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Format, format, format: Make sure your resume is easy to read. Line up your data to make sure it's simplistic and easy to find. Make sure the dates, positions and companies you've worked for all are listed the same way. It shows your potential employer that you took the time to make sure they know what you've done, and it's easy to read. Never make the employer have to repeatedly look around to see how long you worked at your last job. If the resume's too hard to read, there's always someone else's.
Keep the details short and sweet: You don't need to give long explanations to say you answered the phones and dealt with angry customers. Make sure you're quick and to the point. When shortening your job descriptions, keep on going through the individual tasks you performed until you know you can't take another word out. The employer needs to understand what you're saying and what you did, of course. You just don't need to write a paragraph to say so. A line or two is fine.
Use traditional font: Unless you're a graphic artist, art designer or another artistic-type, stay away from fancy font and multi-colored text. You want your resume to be simplistic. The body of work and your potential should speak for itself. Noone's going to be impressed because you spent extra time finding the right shade of blue. Be sure to stick with an oft-used font, such as Times New Roman or Arial. No need to go fancy. Interviews represent you better; resumes can go far, of course but nothing can gaurantee you the job like that interview.
You don't need to include every job: Heading your way to a specific part in your career? Looking for a new job? Alter your resume to highlight the jobs that gear you towards your specified goal. If your first job was twenty years ago and has nothing to do with what you're doing now, you don't need to include it. If you're highlighted as a bartender while working as an account and now want to work your way up to a corporate accounting position, you don't need to list your bartending history and skills.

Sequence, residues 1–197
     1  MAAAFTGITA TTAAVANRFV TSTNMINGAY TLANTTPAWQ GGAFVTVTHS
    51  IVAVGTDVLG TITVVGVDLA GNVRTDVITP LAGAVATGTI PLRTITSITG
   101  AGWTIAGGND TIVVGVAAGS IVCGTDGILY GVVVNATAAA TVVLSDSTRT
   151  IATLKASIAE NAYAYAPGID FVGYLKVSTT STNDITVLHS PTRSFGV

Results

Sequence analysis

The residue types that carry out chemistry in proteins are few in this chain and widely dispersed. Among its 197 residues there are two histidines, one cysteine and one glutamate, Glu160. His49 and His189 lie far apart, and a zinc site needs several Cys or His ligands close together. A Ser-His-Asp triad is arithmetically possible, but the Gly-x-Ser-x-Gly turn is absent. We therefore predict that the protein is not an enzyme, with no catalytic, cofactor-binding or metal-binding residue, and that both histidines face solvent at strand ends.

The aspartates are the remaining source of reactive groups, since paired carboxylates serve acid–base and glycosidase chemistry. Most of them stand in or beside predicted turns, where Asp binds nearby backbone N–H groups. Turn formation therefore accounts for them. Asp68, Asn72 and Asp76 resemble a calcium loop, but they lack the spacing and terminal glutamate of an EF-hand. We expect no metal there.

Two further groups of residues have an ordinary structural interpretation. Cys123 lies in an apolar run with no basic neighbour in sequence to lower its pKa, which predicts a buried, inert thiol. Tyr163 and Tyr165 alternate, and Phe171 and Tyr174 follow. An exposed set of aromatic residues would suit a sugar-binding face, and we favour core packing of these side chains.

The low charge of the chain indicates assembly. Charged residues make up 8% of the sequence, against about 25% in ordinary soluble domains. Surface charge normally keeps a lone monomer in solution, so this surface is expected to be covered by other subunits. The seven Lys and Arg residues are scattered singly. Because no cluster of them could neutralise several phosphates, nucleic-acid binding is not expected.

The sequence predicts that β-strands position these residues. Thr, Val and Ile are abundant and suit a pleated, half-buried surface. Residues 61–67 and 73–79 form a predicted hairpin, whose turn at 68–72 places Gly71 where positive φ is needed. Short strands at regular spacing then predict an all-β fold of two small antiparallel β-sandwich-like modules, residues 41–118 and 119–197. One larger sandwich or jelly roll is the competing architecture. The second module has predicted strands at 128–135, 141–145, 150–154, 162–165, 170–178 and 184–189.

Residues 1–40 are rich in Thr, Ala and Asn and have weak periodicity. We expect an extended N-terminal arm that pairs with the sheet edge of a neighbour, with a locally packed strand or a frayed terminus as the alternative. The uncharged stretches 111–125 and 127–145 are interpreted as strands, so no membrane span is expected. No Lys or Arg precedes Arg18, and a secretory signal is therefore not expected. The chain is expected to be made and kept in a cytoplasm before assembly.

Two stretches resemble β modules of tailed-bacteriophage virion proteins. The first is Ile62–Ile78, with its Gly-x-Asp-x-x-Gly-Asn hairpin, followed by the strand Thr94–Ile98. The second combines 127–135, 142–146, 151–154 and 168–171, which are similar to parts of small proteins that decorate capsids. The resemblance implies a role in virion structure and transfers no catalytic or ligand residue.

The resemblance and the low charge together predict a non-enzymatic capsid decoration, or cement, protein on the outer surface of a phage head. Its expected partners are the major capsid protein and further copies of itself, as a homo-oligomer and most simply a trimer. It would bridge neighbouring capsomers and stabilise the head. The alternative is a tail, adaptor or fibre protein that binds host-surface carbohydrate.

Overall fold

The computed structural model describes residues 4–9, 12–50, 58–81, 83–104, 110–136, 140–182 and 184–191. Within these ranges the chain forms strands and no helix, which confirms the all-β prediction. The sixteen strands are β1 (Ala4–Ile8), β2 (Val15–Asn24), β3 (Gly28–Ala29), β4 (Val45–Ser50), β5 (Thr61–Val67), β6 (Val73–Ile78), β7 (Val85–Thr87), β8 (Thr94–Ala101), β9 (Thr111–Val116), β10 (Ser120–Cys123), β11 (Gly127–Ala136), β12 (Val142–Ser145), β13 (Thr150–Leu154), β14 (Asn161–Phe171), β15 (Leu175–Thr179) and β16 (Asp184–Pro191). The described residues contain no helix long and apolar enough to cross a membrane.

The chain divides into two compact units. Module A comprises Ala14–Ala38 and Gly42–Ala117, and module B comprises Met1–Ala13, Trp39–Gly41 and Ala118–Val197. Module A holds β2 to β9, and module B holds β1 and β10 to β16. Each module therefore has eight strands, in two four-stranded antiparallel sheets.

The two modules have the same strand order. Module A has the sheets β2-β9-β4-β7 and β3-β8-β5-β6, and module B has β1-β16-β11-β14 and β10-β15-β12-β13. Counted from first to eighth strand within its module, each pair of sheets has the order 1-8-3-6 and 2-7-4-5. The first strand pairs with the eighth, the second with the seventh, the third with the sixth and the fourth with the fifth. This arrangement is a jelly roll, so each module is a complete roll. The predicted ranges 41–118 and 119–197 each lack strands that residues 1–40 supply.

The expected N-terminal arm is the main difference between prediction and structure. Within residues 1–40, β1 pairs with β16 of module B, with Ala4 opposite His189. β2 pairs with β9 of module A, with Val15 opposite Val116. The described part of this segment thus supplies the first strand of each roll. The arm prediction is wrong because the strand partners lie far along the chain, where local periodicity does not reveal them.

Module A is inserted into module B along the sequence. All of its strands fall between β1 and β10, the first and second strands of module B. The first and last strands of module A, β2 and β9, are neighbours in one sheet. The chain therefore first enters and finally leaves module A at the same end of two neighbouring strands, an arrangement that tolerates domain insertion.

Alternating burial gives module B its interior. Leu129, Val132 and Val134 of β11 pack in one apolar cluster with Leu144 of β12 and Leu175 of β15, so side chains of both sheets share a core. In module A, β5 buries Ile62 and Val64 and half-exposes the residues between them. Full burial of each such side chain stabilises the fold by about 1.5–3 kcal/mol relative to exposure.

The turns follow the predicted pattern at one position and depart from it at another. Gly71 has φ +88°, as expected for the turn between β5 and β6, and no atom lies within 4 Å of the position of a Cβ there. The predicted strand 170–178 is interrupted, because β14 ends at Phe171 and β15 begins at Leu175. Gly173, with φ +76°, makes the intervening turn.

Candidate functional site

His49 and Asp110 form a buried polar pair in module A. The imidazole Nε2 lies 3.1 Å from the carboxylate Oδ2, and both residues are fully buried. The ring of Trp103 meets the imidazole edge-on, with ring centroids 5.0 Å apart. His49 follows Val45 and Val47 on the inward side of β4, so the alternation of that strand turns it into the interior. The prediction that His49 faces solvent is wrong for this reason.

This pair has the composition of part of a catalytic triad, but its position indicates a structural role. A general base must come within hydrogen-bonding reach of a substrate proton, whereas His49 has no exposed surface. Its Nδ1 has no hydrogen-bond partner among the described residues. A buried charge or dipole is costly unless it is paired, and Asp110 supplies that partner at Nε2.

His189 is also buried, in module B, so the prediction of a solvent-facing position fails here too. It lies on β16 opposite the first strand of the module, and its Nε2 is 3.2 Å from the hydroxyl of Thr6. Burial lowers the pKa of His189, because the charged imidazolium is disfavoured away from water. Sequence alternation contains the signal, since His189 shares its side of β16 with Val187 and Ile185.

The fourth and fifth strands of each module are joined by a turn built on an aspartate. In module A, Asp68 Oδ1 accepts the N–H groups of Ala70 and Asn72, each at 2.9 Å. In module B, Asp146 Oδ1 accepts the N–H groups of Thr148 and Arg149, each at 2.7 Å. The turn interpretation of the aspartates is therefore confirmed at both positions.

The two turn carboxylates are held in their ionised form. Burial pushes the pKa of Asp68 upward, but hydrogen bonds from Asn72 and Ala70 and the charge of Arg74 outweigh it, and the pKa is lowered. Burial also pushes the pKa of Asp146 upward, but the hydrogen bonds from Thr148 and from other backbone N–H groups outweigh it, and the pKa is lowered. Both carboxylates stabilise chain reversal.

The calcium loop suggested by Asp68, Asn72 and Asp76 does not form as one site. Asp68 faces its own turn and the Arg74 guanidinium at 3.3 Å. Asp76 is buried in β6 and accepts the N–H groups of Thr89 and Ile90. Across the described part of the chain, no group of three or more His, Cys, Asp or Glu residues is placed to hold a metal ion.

*Note: constantly review, revise and edit your resume. If your gut instinct is telling you you don't need something, delete it. If you can't see why something is relevant, then it isn't. You also can't predict what every single employer is looking for. It is essential to list the most important aspects of your past jobs, but it isn't essential to list why you got employee of the month. It'll just look nice that you won the honor. Of course, you should know your grammar and your spelling. Feel like you need help? E-mail Heather at firstname.lastname@example.org. Heather is vastly experienced at editing, formating and creating resumes for job seekers. No need to go into the job market blindly. E-mail her today!